Over 200 employees claimed DaimlerChrysler Corporation, Ice Miller’s client, had breached its contractual obligation to certain workers who were laid off in the late 1970s and early 1980s by failing to recall these workers for later job openings. The district court sided with DaimlerChrysler and concluded the employees failed to exhaust their intra-union remedies before bringing suit.  The United States Court of Appeals for the Seventh Circuit unanimously affirmed.  The court held there was an internal appellate process available to air the employees’ grievances, that it was adequate, and that the employees had an obligation follow that process before bringing their claims to federal court. 
Baude v. Heath, 538 F.3d 608 (7th Cir. 2008)
Indiana law allows wineries to ship to customers in Indiana if there is one face-to-face meeting at which the buyer’s age and other particulars can be verified.  A group of plaintiffs filed suit claiming the law violated the dormant commerce clause of the United States Constitution.  They argued the law unconstitutionally burdened out-of-state wineries and the Indiana residents who wanted to purchase their products.  Ice Miller represented the Wine and Spirits Wholesalers of Indiana, which intervened on the side of the state to defend the legislation.  The district court enjoined enforcement of the face-to-face requirement on the ground that it had a disparate impact on out-of-state  sellers.  But the United States Court of Appeals for the Seventh Circuit reversed, holding the plaintiffs had failed to establish the law was unconstitutional.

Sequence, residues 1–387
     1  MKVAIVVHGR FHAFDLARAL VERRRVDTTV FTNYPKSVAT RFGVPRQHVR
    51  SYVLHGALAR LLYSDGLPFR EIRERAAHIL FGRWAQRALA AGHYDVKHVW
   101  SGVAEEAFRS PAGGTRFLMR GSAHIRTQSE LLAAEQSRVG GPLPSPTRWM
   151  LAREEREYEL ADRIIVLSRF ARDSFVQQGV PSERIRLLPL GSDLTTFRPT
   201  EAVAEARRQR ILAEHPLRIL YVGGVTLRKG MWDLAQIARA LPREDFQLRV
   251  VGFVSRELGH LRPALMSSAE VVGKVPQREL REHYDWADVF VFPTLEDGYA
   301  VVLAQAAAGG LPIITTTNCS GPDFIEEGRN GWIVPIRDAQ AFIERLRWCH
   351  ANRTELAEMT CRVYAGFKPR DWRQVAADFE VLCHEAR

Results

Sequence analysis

Bonney v. Indiana Finance Authority, 849 N.E.2d 473 (Ind. 2006) 
In a creative transaction that garnered national attention, Ice Miller’s client, the Indiana Finance Authority, leased the Indiana Toll Road to a private consortium for a term of 75 years.  In exchange, the consortium agreed to pay $3.8 billion in full at closing.  The legislation that enabled this transaction included a number of provisions that addressed how the funds were to be used.  Various plaintiffs sued the IFA, the Governor, and others claiming the enabling legislation was unconstitutional.  The trial court rejected the plaintiffs’ challenge in its entirety and sided with the IFA.  After an expedited appeal, the Indiana Supreme Court affirmed.
Wolf, et al. v Big Lots Stores, Inc.,  2008-Ohio-1837 (10th App. Dist.) 
Ice Miller’s client, Big Lots, was sued by a truck driver for negligence in connection with an accident that occurred in paved lot of Big Lots’ distribution facility which resulted in potentially catastrophic injuries. The truck driver was officially an employee of another company, but was working under Big Lots’ direction at the Big Lots facility.  Prior to filing his negligence claim against Big Lots, the truck driver had filed a workers’ compensation claim against his actual employer.  Ohio law holds that an employee cannot sue his/her employer for accidents which occur in the normal course and scope of their employment.  Big Lots was able to convince the trial court and the Tenth District Court of Appeals that because Big Lots effectively controlled the work movements and activities of the truck driver while he was at Big Lots, he was considered an employee of Big Lots and, therefore, unable to sure Big Lots for negligence.  The Ohio Supreme Court denied the truck driver’s appeal to the hear the case.